OK, NormaTec MVP and Recovery Pump take different approaches, but do they both work?

The short answer here is, sure, both systems work to flush out the bad goop from your legs and help you recover.  Based on my experience with both products, I have found that I felt significantly better after a long run or ride when I used these two systems.  I have found that using either of these systems helped me recover faster, feel like I could go hard again sooner, and not become fatigued as quickly compared to instances where I worked hard but didn’t use a mechanical system.

My anecdotal findings – and those shared by multiple athletes, professional and amateur alike, is that using mechanical compression devices makes you feel great.  I’m not going to lie – chilling out after a hard workout and using compression like this feels awesome.  It’s like having a personal masseuse at any time you’d like.

So they feel great.  What’s different between the two?

We’ve already talked a little about the differences between NormaTec’s MVP system and Recovery Pump’s system in terms of how they compress your leg.  That being said, there are differences between the systems that aren’t just related to sequential versus peristaltic compression.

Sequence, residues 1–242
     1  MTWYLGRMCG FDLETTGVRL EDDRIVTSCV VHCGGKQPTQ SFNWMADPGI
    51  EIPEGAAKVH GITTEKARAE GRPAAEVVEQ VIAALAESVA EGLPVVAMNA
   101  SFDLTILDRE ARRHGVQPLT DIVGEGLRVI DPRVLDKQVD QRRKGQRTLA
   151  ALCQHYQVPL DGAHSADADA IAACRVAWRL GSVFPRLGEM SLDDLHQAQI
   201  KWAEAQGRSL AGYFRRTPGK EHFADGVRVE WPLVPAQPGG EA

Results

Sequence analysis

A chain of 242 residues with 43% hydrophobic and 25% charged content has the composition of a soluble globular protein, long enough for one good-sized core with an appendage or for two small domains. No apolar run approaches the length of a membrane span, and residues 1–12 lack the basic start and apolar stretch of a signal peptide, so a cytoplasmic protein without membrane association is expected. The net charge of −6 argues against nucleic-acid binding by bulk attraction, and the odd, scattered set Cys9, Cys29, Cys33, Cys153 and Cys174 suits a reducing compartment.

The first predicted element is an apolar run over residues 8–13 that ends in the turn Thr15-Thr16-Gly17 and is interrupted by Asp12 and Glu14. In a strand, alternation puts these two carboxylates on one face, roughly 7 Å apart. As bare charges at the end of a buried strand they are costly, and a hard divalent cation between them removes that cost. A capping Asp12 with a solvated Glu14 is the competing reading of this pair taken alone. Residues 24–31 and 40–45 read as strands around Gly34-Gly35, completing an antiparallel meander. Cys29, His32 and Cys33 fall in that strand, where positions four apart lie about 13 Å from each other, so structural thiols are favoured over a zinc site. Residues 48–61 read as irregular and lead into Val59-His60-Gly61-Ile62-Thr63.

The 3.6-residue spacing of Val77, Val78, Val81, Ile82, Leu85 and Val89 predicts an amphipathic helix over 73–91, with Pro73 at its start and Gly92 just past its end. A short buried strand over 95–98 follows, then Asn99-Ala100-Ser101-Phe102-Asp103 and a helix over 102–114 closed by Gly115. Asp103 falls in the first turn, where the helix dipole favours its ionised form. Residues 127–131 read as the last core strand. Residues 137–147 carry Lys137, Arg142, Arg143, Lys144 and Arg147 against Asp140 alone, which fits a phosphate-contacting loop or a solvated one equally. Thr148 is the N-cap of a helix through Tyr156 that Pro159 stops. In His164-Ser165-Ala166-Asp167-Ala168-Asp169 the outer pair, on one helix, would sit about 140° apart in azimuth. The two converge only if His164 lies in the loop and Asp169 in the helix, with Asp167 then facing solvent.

The Noise Factor:  I’m going to be honest with you:  neither system is silent.  NormaTec’s MVP is MUCH QUIETER than the Recovery Pump, though.  In fact, by comparison, Recovery Pump sounds like Darth Vader having an astma attack.  There’s a quite pronounced sound as the system inflates, and there a very loud hissing as the leg sleeves deflate.  By contrast, NormaTec’s system really doesn’t present a lot of sound during inflation.  There are some random clicking noises from the pump when it cycles, but overall it’s not too bad.  There are two ultimate tests in regards to the noise factor for these units:  (1) the TV test – can I watch TV while using the pump and not have to blast the volume in order to hear the dialogue, and (2) the sleep test – can I use the pump in the bed at night and not wake up my wife.  I’ve actually done both of these tests with both units.  NormaTec’s MVP wins both tests hands down.